The EU is doing well on green power- as the UK exits via Renew Extra Weekly

February 01, 2020

With Climate Change at the top of the agenda, the EU aims to be the first carbon neutral continent, working towards net zero greenhouse gas emissions by 2050, with a new climate law being enacted soon. That’s taken some fighting for and fiddling, given the opposition from heavy coal users like Poland, but there’s a proposed Just Transition mechanism to help countries like that move to carbon neutrality, with nuclear excluded from support for this. So renewables should boom even more.
Renewables have certainly been doing well. Germany will soon get around half of its power from renewables, Portugal is already at over 54%, Denmark near 60%, while Sweden is at 66% and Austria over 70%. By 2030 some of these countries could be getting near 100% of their electricity from renewables and should also be beginning to meet significant shares of their heat and transport needs using renewables. Sweden already gets around 54% of all its energy from renewables, Norway and Iceland are both at around 70%. 
Many other European countries are also now moving ahead. For example, with its economy evidently recovering, the  new centre-right government in Greece aims to generate 61% of its power from renewables by 2030, with 7.7GW of solar & 7GW of wind capacity planned, up from 2.7 & 3 GW now. Hydro is at 3.7GW. It aims to close all lignite plants by 2028 and get 43% of its heating/cooling and 19% of its transport needs from renewables by 2030.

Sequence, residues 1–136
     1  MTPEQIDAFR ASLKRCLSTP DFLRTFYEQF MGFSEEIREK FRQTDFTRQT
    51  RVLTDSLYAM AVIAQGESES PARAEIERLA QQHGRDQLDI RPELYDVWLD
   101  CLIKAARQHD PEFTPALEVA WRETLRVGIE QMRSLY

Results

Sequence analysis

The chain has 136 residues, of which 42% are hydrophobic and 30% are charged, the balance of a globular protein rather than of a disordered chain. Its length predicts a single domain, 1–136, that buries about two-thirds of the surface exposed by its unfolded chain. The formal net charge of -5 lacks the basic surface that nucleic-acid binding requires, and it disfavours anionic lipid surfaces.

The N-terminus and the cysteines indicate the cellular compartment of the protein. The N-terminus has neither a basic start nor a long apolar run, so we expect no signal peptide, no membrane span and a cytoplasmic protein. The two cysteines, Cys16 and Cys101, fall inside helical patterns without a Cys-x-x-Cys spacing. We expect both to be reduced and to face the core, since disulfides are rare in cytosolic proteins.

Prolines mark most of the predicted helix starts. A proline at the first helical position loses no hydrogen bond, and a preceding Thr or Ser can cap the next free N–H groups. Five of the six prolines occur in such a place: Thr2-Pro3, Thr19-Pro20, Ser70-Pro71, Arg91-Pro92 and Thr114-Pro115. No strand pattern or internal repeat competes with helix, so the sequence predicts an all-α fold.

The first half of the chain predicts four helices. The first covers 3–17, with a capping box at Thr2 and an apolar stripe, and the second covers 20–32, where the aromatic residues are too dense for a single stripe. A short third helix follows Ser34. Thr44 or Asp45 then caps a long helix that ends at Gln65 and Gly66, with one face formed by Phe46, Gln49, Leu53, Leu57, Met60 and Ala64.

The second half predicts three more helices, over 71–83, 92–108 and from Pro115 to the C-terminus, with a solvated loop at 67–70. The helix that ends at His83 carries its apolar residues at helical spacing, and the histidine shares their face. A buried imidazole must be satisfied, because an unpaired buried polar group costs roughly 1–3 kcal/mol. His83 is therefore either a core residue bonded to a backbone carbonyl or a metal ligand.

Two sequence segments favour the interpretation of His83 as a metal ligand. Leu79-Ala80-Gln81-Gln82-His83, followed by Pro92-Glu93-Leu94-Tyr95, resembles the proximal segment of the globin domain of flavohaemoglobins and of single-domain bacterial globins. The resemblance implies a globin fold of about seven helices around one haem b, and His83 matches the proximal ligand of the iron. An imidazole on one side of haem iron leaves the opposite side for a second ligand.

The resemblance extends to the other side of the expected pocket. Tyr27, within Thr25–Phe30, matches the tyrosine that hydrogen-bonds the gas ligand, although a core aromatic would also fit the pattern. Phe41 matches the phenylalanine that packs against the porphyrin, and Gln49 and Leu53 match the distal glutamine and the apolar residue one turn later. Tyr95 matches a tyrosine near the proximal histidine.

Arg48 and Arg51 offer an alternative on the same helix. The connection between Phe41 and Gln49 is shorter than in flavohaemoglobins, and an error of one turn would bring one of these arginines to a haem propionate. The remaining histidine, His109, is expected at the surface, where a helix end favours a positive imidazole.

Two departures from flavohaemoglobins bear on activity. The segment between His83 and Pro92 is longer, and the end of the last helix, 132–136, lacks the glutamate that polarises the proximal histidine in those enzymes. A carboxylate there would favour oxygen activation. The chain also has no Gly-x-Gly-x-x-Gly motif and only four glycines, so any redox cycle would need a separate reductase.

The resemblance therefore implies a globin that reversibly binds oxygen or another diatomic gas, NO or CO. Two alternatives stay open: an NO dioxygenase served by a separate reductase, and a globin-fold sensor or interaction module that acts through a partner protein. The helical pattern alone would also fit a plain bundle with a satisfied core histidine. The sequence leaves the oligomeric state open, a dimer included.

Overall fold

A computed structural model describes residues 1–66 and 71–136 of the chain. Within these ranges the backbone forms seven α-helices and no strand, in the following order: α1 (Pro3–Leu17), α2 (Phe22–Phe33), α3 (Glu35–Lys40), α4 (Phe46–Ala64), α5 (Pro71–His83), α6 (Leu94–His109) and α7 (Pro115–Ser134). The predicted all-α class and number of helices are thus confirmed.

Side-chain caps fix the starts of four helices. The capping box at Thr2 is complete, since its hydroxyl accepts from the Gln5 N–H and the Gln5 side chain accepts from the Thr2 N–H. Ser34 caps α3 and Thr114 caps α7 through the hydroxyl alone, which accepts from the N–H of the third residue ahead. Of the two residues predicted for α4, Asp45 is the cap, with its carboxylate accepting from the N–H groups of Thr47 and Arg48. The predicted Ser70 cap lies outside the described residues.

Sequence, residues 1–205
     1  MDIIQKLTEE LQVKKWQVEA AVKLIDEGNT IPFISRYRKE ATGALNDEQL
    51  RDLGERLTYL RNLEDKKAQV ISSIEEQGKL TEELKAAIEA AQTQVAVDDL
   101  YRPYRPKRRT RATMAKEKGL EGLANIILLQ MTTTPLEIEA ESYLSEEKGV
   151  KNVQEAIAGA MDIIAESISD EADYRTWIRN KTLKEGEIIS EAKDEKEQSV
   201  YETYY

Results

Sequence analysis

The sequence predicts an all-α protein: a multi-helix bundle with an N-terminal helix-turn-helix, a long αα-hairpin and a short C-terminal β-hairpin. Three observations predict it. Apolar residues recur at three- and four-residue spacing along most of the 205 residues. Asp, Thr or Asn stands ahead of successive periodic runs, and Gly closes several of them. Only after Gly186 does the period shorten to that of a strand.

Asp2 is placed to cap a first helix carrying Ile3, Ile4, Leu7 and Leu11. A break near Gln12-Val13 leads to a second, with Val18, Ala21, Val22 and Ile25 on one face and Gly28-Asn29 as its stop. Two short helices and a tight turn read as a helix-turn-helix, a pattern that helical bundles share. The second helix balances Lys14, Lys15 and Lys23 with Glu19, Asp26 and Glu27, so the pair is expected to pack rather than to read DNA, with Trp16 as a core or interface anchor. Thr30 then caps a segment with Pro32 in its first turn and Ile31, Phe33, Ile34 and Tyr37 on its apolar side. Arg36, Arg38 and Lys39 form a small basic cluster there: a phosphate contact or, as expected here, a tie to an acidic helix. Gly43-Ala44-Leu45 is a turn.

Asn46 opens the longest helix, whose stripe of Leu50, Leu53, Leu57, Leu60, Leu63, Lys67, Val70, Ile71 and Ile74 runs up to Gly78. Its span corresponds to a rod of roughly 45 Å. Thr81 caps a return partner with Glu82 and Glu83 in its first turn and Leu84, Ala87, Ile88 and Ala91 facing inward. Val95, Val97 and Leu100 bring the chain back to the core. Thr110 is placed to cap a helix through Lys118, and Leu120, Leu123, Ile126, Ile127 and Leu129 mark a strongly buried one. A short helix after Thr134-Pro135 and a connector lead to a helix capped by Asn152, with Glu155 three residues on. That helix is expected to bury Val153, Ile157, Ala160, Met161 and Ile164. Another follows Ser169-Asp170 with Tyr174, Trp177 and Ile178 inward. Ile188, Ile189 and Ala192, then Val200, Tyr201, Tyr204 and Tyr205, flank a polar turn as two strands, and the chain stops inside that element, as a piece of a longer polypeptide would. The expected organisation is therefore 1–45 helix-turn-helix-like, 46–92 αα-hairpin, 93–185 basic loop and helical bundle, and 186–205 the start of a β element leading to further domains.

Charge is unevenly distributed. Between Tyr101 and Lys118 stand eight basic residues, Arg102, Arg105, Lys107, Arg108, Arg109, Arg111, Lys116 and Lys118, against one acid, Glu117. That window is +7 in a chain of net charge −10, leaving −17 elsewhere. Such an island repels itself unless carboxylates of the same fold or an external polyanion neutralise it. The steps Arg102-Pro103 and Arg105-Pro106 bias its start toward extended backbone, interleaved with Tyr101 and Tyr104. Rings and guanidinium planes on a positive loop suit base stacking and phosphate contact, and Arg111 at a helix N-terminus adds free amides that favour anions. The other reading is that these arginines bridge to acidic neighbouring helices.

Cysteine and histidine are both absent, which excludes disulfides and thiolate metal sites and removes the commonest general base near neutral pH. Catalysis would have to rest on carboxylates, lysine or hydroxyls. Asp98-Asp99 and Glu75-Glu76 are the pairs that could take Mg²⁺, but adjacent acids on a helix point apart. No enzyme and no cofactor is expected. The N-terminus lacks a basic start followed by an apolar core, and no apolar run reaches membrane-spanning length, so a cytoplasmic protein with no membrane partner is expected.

After a long period of retrenchment in Spain, Prime Minister Pedro Sánchez’s leftwing coalition government has declared a ‘climate emergency’ & pledged to transition to renewable energy ‘to reduce greenhouse gas emissions with the objective of reaching climate neutrality by 2050’.
That is not to say there are no problems, continued emissions from coal plants being the most obvious, with, notably, Poland resisting change on that. Germany is taking its time on its coal phase out too and France, still locked into nuclear, is moving quite slowly on renewables. But longer term, most of the countries in the EU have targets of getting to near 100% of power and in some cases all energy from renewables by 2050.  That is certainly seen as possible in some recent scenarios – although the current official EU renewable energy target is only 32% by 2030.


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